Arthur Hacker, ‘The Annunciation’ 1892
Arthur Hacker, The Annunciation 1892 . Tate

Room 8 in Walk Through British Art

1890

13 rooms in Walk Through British Art

The Black Brook

John Singer Sargent, The Black Brook  c.1908

The subject of this work is the artist’s niece, Rose-Marie Ormond, who was 15 when he painted her. She is shown by a stream in Aosta, northern Italy. Sargent captures the movement of light and shadow on the stream, yellow flowers and the fabric of Ormond’s dress with thick, loosely handled paint. Ormond was Sargent’s travel companion and one of his favourite subjects. She features in a number of his Alpine pictures, which he painted in an impressionistic style, either in oil or watercolour.

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artworks in 1890

The Girl at the Gate

Sir George Clausen, The Girl at the Gate  1889

Clausen painted this picture at the village of Cookham Dean in Berkshire, where he lived. Mary Baldwin modelled for the woman at the gate. She was from the village and worked as the Clausen family’s nanny. Clausen was one of the ‘rural naturalists’, a young generation of predominantly French-trained painters who painted realistic scenes of everyday country life, in the late 19th century. Like others in this group Clausen was greatly influenced by the French painter Jules Bastien-Lepage, who painted in a similar style.

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August Blue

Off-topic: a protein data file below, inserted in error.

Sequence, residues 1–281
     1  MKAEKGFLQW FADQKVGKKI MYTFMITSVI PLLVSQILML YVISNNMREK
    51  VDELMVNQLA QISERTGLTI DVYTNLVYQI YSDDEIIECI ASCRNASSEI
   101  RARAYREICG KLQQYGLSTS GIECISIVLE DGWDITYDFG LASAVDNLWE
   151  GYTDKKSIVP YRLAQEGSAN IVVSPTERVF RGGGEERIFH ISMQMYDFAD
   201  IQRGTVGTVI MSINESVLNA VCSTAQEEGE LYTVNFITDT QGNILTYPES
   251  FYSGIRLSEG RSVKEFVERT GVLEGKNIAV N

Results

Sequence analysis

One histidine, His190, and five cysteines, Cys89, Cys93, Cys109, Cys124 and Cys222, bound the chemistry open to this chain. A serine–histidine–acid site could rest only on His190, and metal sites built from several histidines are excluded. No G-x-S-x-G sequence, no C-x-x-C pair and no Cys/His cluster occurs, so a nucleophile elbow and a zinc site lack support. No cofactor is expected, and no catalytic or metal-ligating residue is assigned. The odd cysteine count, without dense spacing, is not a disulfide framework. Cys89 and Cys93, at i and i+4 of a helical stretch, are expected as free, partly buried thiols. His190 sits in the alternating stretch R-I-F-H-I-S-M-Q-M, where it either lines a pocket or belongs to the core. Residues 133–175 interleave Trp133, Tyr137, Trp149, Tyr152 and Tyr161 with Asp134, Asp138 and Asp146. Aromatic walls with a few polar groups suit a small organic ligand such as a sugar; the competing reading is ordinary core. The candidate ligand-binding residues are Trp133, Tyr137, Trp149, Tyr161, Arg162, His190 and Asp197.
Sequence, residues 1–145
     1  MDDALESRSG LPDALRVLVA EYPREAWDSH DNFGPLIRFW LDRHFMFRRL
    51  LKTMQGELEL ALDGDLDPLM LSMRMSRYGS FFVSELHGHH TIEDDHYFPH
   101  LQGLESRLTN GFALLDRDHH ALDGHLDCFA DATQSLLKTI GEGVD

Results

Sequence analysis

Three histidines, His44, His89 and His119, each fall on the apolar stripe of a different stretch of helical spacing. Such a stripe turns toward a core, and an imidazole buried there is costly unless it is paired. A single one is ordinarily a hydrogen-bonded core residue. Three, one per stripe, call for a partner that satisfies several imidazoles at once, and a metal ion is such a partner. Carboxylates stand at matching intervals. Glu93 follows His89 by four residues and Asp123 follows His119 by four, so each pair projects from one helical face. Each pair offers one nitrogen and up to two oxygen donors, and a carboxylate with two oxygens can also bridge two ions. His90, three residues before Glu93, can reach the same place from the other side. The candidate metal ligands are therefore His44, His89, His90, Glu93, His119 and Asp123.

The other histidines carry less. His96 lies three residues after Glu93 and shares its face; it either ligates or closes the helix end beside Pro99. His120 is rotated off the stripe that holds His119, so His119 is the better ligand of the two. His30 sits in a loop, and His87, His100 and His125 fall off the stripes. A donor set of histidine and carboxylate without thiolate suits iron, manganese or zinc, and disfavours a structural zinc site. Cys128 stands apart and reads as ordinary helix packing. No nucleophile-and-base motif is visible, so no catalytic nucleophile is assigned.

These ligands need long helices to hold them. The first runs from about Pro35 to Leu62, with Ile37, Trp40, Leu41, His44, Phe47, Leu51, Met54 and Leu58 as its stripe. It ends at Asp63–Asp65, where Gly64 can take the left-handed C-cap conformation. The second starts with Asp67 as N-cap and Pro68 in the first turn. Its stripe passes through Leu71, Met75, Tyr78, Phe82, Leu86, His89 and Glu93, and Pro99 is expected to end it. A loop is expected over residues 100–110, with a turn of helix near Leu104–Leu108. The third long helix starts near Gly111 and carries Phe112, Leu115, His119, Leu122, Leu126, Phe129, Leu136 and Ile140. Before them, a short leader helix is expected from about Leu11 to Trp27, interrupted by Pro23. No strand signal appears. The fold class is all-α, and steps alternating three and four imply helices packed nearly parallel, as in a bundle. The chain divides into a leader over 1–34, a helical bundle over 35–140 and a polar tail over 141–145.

Henry Scott Tuke, August Blue  1893–4

This is one of many pictures Tuke painted of boys bathing around Falmouth Harbour, a common scene at the time. Tuke worked from life and photographs but he idealised the scene. Its poetic title (from Algernon Swinburne’s poem ‘The Sundew’ 1866) reflects the colour that suffuses the composition. Tuke grew up in Cornwall and helped found the Newlyn School, a group of artists based in Newlyn. He was well-known for his portraits of boats as well as people.

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artworks in 1890

Cover Design for ‘The Yellow Book’ Vol.I

Aubrey Beardsley, Cover Design for ‘The Yellow Book’ Vol.I  1894

In 1894 Beardsley was appointed art editor of what he described as a 'new literary and artistic quarterly' aimed at artists and writers who 'cannot get their best stuff accepted in the conventional magazines'. All the cover designs were printed in black on yellow cloth boards, in imitation of French novels. This design for the first number shows a pair of masked carnival-goers who, in keeping with the subversive character of the journal, appear both lewd and sinister. From the start the new magazine provoked an outcry. The Times remarked on the 'repulsiveness and insolence' of the first cover.

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Minnie Cunningham at the Old Bedford

Walter Richard Sickert, Minnie Cunningham at the Old Bedford  1892

Minnie Cunningham was a popular performer at the Old Bedford Music Hall in Camden Town. Sickert went there regularly and made dozens of sketches capturing the effects of light and movement on the stage and in the auditorium. Here, Sickert paints from the point of view of an audience member. He first exhibited it with the subtitle ‘I’m an old hand at love, though I’m young in years’, a quote from one of Cunningham’s songs. Sickert painted the ordinary life he saw around him.

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Parting at Morning

Sir William Rothenstein, Parting at Morning  1891

A partially dressed woman looks out at the viewer in this life-size chalk drawing. The verse inscribed at the bottom right is a quotation from a poem by Robert Browning with the same title as the picture. This suggests the morning after a brief sexual encounter.
And straight was a path of gold for him, And the need of a world of men for me.